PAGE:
Stay Connected With Weird Wi-Fi Hotspots

19 July 2015
Read Time: 1.7 mins

Words by Sian Elvin

If you're always looking for the best holiday selfies to show off on Instagram, then this is the news you've been waiting for.

Visitors to Japan's highest mountain, Mount Fuji, can now access Wi-Fi at its summit.

The hotspots are placed in eight locations around the mountain, including three cottages around the summit, a general management centre and a resort facility.

Each user will be allowed 72 hours of access, so you post the beautiful goraiko sunrise live to your friends and family, as well as checking vital weather and tourist information directly on the mountain.

This might seem an unusual place to access the internet, but there are plenty of unusual locations across the world where it’s surprisingly easy to get online.

Donkeys, Kfar Kedem, Israel

A couple of years ago a historical amusement park, which attempts to recreate life from the first and second centuries AD, introduced Wi-Fi access… on the back of donkeys.

The donkeys carry a small bag around their neck containing a router, allowing tourists to document their ride via social media.

Val d’Isere, France

Fuji’s not the only mountain that lets you stay connected.

A brand new Wi-Fi-enabled gondola launches in Val d’Isere this (northern) winter. You can snap photos of the gorgeous view from your ski lift and post them straight to Instagram.

If you need any more persuading, the lifts will also contain heated seats.

National Parks, Canada

Over the next few years, Canada is introducing 150 Wi-Fi hotspots in up to 20 of its parks.

With some of the most beautiful scenery in the world, the country wants to attract more visitors to its sights.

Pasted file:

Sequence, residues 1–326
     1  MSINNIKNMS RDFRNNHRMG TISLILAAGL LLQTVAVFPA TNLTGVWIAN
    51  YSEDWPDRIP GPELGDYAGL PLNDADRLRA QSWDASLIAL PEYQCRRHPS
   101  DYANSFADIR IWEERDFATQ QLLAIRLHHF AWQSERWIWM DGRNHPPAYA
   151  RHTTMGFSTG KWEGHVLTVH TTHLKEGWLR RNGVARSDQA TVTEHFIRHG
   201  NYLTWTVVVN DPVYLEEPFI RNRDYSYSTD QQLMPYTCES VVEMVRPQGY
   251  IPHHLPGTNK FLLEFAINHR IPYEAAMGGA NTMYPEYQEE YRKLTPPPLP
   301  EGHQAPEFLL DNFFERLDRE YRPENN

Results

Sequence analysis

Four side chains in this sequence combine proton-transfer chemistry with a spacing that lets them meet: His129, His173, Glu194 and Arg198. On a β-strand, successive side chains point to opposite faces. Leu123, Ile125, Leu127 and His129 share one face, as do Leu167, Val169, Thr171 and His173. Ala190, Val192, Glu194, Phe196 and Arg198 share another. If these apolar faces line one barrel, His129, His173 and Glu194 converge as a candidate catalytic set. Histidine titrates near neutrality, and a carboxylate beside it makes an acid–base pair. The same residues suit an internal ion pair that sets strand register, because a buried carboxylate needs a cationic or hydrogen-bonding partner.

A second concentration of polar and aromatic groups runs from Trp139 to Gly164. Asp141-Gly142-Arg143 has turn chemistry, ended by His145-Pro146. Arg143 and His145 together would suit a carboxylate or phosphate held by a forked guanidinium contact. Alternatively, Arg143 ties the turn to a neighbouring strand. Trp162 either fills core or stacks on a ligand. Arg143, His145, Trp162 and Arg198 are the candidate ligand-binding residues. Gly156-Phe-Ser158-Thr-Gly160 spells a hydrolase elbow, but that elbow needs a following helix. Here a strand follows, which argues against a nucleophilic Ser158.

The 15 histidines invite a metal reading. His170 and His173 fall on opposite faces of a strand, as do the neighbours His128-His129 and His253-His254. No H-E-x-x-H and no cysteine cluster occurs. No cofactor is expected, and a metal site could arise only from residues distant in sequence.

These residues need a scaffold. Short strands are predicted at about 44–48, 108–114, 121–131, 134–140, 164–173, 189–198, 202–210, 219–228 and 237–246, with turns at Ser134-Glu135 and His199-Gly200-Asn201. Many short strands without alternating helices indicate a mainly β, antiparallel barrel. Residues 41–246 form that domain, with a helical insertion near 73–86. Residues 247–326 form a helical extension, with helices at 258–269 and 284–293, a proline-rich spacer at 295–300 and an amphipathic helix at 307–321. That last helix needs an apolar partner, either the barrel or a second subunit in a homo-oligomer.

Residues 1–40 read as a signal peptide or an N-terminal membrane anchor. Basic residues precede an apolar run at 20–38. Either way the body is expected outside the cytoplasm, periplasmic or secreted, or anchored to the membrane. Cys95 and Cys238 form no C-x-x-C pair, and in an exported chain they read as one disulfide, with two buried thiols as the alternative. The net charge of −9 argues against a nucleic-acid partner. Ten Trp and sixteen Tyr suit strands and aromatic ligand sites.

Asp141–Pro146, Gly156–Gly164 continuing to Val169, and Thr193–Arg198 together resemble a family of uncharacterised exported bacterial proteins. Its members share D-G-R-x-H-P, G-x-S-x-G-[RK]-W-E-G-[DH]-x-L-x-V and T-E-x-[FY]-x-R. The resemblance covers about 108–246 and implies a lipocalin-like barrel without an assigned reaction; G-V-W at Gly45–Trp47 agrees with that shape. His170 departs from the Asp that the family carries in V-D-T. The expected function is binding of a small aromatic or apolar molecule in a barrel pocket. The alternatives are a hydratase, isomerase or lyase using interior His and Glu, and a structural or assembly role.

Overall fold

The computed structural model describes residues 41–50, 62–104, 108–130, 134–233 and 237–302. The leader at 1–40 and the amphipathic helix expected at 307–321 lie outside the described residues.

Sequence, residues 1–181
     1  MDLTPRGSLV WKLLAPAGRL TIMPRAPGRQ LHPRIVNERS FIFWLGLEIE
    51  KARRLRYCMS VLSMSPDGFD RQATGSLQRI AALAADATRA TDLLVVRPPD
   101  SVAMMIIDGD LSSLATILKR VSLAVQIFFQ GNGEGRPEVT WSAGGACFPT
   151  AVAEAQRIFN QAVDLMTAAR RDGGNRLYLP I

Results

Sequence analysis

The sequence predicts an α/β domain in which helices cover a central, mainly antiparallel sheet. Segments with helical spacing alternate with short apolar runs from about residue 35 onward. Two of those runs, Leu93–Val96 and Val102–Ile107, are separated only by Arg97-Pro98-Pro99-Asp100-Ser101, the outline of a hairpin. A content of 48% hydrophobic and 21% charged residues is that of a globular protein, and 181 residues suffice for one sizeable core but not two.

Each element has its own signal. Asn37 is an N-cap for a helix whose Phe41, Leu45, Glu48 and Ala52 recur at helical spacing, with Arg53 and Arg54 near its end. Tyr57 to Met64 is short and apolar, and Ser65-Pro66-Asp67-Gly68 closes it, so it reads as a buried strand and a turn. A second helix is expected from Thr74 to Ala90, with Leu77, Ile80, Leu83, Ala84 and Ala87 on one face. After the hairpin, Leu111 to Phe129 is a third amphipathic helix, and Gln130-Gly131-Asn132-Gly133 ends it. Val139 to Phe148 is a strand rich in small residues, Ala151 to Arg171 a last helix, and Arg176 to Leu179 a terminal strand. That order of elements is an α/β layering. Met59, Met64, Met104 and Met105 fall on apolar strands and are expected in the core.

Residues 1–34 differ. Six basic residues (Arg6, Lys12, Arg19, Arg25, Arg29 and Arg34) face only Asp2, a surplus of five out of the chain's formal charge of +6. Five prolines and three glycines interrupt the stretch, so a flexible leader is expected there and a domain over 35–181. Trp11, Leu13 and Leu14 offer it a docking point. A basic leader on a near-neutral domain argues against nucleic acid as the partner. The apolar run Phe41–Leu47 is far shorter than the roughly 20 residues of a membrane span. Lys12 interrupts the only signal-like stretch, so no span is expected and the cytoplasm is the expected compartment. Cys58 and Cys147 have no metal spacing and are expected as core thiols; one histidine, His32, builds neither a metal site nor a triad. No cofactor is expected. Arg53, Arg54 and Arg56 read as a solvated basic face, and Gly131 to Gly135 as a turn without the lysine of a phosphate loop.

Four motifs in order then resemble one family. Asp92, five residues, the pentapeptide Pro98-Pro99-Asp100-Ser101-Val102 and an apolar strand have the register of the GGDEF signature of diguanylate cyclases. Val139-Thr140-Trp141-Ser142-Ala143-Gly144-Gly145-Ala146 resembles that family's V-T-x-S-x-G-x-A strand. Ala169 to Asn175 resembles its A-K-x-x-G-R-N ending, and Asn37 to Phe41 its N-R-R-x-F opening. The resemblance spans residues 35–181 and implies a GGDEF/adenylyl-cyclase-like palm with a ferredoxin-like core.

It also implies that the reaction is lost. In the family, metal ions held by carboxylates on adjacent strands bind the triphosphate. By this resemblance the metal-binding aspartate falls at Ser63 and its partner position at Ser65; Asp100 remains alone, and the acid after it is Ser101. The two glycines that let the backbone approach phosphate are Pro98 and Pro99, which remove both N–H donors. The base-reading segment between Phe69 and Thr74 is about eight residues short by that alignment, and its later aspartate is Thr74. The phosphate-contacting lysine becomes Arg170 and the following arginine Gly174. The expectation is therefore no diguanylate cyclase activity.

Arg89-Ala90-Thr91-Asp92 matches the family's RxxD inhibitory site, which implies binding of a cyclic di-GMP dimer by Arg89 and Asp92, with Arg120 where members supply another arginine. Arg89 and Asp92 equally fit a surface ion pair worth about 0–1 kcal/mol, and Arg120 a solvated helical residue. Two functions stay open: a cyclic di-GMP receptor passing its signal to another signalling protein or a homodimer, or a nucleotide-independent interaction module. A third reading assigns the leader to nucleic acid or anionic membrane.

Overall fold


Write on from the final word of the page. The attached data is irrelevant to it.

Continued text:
You’ll also be able to connect to GPS too so you can get the most out of your visit.

Waikiki Beach, Hawaii, USA

A lot of people take a beach break to get away from it all.

But if you can’t resist checking your emails while drinking your third piña colada then perhaps Waikiki is for you, with Wi-Fi available alongside white sand and endless sunshine.

Black Cabs, London

If your 3G signal is no good and you urgently need to refresh your Facebook feed on the move, free Wi-Fi is available in the capital’s black taxis, as long as you’re prepared to watch a 15-second ad every 15 minutes.

San Jose Cemetery, Granada, Spain

A slightly less cheerful wireless hotspot is San Jose Cemetery in Granada, which introduced a free, open connection two years ago following demand from its visitors.

The North Pole

Back in 2005 a couple of Intel employees installed an access point at the North Pole's main camp site and at a drifting polar scientific station to help explorers undertaking research in the area.

The Moon

Last year scientists managed to beam a Wi-Fi signal to the moon with powerful lasers. The purpose was supposedly so that future generations living and working there could keep in touch with those back on earth.


This article was written by Sian Elvin from The Independent and was legally licensed through the NewsCred publisher network.